South Africa is the southernmost country on the continent, bordered by Namibia to the northwest, by Botswana and Zimbabwe to the north, and by Mozambique and Swaziland to the northeast and east
Lesotho, an independent country, is an enclave in the eastern part of the republic, entirely surrounded by South African territory. South Africa is the largest country in Southern Africa and the 25th-largest country in the world by land area and, with close to 56 million people, is the world’s 24th-most populous nation. The Anglo-Zulu War was fought in 1879 between the British Empire and the Zulu Kingdom.
The Zulu nation spectacularly defeated the British at the Battle of Isandlwana. Eventually the Zulu nation’s independence. The Boer Republics successfully resisted British encroachments during the First Boer War (1880–1881) using guerrilla warfare tactics, which were well suited to local conditions. The British returned with greater numbers, more experience, and new strategy in the Second Boer War (1899–1902) but suffered heavy casualties through attrition; nonetheless, they were ultimately successful in colonizing South Africa. Within the country, anti-British policies among white South Africans focused on independence. Eight years after the end of the Second Boer War and after four years of negotiation, an act of the British Parliament (South Africa Act 1909) granted nominal independence, while creating the Union of South Africa on May 31 1910.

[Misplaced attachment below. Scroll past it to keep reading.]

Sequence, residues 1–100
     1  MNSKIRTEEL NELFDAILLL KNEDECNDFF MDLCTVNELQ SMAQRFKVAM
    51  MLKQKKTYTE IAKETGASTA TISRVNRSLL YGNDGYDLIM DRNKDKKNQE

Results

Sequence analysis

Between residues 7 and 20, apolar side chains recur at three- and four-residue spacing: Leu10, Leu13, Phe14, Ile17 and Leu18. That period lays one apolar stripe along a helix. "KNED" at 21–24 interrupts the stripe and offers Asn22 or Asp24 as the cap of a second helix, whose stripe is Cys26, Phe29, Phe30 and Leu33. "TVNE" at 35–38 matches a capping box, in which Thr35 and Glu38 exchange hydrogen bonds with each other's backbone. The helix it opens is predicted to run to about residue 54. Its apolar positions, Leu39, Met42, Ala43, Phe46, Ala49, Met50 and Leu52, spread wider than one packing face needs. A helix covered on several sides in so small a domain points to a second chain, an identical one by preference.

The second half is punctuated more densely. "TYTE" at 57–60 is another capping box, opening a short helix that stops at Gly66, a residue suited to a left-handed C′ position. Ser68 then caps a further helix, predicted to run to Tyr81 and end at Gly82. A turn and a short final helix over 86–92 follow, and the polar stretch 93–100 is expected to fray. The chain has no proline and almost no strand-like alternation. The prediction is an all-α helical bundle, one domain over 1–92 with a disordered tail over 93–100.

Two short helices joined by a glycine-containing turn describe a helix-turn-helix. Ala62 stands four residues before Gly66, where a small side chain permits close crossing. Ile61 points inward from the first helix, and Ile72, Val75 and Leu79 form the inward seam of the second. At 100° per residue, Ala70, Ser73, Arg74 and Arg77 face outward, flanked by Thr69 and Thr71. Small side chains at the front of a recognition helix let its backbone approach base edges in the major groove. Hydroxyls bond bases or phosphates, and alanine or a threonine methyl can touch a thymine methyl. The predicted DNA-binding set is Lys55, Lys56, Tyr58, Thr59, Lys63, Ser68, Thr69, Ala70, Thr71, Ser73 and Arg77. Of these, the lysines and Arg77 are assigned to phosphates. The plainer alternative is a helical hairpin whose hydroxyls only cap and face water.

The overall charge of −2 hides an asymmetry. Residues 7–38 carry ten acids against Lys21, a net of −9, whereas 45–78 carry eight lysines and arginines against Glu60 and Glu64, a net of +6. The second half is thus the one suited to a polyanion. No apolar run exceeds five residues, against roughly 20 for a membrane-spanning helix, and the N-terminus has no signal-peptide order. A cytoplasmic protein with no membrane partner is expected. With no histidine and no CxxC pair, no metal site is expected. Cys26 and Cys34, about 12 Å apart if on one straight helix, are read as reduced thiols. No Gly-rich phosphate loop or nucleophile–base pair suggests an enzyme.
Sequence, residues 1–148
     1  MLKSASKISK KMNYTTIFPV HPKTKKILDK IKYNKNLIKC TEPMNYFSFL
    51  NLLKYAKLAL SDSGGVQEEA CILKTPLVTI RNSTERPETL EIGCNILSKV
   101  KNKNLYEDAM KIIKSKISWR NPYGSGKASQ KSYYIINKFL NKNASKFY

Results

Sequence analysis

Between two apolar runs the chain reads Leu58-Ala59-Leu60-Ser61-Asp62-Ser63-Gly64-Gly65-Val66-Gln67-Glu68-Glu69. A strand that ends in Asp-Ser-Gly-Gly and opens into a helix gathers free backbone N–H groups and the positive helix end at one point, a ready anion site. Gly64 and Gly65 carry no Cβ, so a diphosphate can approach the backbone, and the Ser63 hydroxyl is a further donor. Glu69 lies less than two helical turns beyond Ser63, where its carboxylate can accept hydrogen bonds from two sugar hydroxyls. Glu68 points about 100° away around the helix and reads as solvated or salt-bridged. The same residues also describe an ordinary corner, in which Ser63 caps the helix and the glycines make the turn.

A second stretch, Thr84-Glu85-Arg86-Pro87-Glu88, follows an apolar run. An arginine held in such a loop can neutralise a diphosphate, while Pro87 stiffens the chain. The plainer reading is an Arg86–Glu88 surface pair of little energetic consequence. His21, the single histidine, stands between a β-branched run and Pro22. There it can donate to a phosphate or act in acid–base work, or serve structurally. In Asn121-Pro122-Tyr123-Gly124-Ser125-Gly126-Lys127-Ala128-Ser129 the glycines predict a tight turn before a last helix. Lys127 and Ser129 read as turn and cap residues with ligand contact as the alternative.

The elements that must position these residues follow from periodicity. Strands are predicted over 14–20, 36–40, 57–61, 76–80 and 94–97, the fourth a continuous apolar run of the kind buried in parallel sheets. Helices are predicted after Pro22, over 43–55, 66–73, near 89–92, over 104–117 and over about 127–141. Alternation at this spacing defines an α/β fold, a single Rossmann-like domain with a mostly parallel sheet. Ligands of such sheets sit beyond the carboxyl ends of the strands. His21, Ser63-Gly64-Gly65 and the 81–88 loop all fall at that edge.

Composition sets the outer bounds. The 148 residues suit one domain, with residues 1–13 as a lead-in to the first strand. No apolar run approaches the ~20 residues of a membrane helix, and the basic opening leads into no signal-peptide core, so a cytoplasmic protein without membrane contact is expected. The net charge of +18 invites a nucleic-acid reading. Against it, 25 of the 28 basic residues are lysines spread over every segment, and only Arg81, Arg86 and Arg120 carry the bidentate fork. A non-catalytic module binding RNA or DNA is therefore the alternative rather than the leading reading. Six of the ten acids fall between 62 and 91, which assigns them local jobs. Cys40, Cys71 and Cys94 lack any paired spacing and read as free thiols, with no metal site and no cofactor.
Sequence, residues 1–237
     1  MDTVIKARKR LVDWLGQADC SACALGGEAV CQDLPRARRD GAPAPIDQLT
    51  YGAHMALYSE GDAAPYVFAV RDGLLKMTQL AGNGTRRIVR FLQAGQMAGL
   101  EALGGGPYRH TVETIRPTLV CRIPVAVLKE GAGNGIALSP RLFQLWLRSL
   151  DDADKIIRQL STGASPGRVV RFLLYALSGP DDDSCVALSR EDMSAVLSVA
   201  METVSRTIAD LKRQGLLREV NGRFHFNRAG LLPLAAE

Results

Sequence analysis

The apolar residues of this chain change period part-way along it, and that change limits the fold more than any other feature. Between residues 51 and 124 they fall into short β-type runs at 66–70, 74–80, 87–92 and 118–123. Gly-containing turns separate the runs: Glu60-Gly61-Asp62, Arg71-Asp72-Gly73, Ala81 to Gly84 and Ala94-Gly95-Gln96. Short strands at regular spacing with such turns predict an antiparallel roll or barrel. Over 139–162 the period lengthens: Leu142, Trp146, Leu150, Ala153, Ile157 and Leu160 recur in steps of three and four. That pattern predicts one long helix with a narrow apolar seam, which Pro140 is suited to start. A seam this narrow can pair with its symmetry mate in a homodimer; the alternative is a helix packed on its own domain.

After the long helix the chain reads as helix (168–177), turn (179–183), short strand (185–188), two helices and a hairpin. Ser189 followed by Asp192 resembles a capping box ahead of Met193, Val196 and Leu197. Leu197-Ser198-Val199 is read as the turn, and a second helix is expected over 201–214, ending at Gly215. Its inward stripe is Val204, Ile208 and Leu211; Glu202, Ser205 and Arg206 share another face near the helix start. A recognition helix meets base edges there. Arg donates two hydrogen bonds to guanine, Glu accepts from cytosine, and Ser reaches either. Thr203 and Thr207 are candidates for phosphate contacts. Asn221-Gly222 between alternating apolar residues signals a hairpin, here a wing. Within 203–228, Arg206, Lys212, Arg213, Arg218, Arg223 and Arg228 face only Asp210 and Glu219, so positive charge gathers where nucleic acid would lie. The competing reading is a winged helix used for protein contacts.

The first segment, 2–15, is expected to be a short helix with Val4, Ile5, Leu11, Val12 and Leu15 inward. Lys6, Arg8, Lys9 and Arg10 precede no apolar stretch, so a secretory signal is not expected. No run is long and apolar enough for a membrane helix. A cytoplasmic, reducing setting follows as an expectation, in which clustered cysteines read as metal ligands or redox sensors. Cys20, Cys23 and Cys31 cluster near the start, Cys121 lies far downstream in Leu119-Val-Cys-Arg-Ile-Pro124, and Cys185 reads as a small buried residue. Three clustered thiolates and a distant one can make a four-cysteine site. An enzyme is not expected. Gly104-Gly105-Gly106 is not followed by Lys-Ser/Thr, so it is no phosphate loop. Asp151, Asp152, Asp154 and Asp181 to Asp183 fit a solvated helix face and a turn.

The Natives’ Land Act of 1913 severely restricted the ownership of land by blacks; in which natives can only control 7% of the land. In 1931 the union was fully sovereign from the United Kingdom with the passage of the Statute of Westminster, which abolished the last powers of the British Government on the country. In 1934, the South African Party and National Party merged to form the United Party, seeking reconciliation between Afrikaners and English-speaking “Whites”. In 1939 the party split over the entry of the Union into World War II as an ally of the United Kingdom, a move which the National Party followers strongly opposed. The Nationalist Government classified all peoples into three races and developed rights and limitations for each. The white minority (less than 20% of the population controlled the vastly larger native majority. The legally institutionalized segregation became known as apartheid. While whites enjoyed the highest standard of living in the country, the black majority remained disadvantaged by almost every standard, including income, education, housing, and life expectancy. The security forces cracked down on internal dissent, and violence became widespread. the African National Congress lead by Nelson Mandela, the Azanian People’s Organization, and the Pan-Africanist Congress furious fought to abolish apartheid and lead to the imprisonment of the leaders of ANC and banned the organization.
In 1990 the National Party government took the first step towards dismantling discrimination when it lifted the ban on the ANC and other political organizations